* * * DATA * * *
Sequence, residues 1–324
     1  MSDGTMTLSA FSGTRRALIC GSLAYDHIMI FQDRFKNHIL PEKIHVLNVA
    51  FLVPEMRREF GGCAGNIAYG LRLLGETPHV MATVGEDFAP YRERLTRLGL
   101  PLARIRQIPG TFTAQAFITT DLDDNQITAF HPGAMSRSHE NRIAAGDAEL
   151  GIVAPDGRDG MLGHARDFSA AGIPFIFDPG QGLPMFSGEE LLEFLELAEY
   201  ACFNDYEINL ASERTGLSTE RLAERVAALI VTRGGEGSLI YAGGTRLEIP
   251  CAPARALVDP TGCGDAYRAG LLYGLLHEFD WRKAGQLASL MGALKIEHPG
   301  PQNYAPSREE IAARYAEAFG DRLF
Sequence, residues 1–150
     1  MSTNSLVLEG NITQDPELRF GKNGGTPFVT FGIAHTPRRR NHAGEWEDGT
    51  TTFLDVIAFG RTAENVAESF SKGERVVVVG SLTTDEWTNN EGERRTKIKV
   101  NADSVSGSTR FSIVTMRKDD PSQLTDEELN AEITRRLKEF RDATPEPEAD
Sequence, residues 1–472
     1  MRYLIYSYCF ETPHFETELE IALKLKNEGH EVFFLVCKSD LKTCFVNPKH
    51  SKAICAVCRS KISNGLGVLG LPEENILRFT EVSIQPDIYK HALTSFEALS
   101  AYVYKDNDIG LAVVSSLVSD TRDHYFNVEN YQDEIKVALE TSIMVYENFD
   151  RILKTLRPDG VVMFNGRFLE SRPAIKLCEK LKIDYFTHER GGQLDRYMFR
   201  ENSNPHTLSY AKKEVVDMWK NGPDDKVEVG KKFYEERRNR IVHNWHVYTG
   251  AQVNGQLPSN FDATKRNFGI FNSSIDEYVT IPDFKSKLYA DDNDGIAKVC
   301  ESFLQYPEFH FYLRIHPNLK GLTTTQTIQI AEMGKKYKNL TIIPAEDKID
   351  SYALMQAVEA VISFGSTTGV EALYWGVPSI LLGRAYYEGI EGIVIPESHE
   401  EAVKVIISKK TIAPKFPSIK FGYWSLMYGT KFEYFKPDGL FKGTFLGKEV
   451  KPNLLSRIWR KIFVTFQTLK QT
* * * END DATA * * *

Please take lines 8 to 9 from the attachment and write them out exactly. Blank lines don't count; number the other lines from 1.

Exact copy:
   301  PQNYAPSREE IAARYAEAFG DRLF
Sequence, residues 1–150